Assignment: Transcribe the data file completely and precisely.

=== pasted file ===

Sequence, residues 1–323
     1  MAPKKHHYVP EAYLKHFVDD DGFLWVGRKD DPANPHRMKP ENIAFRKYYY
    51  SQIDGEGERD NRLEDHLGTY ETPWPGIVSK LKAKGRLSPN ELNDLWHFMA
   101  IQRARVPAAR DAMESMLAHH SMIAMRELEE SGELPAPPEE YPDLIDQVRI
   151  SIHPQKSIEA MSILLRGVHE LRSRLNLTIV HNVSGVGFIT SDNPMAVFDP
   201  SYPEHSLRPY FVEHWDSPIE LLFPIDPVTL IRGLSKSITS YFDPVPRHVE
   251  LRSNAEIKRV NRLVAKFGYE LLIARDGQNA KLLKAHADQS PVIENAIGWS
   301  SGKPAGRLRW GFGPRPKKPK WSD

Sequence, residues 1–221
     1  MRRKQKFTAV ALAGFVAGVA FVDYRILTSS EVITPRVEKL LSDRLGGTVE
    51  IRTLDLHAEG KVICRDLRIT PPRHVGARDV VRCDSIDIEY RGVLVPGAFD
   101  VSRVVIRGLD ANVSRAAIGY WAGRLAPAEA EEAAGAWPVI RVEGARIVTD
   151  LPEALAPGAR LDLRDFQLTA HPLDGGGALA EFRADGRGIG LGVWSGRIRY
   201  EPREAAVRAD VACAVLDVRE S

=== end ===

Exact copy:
Sequence, residues 1–323
     1  MAPKKHHYVP EAYLKHFVDD DGFLWVGRKD DPANPHRMKP ENIAFRKYYY
    51  SQIDGEGERD NRLEDHLGTY ETPWPGIVSK LKAKGRLSPN ELNDLWHFMA
   101  IQRARVPAAR DAMESMLAHH SMIAMRELEE SGELPAPPEE YPDLIDQVRI
   151  SIHPQKSIEA MSILLRGVHE LRSRLNLTIV HNVSGVGFIT SDNPMAVFDP
   201  SYPEHSLRPY FVEHWDSPIE LLFPIDPVTL IRGLSKSITS YFDPVPRHVE
   251  LRSNAEIKRV NRLVAKFGYE LLIARDGQNA KLLKAHADQS PVIENAIGWS
   301  SGKPAGRLRW GFGPRPKKPK WSD

Sequence, residues 1–221
     1  MRRKQKFTAV ALAGFVAGVA FVDYRILTSS EVITPRVEKL LSDRLGGTVE
    51  IRTLDLHAEG KVICRDLRIT PPRHVGARDV VRCDSIDIEY RGVLVPGAFD
   101  VSRVVIRGLD ANVSRAAIGY WAGRLAPAEA EEAAGAWPVI RVEGARIVTD
   151  LPEALAPGAR LDLRDFQLTA HPLDGGGALA EFRADGRGIG LGVWSGRIRY
   201  EPREAAVRAD VACAVLDVRE S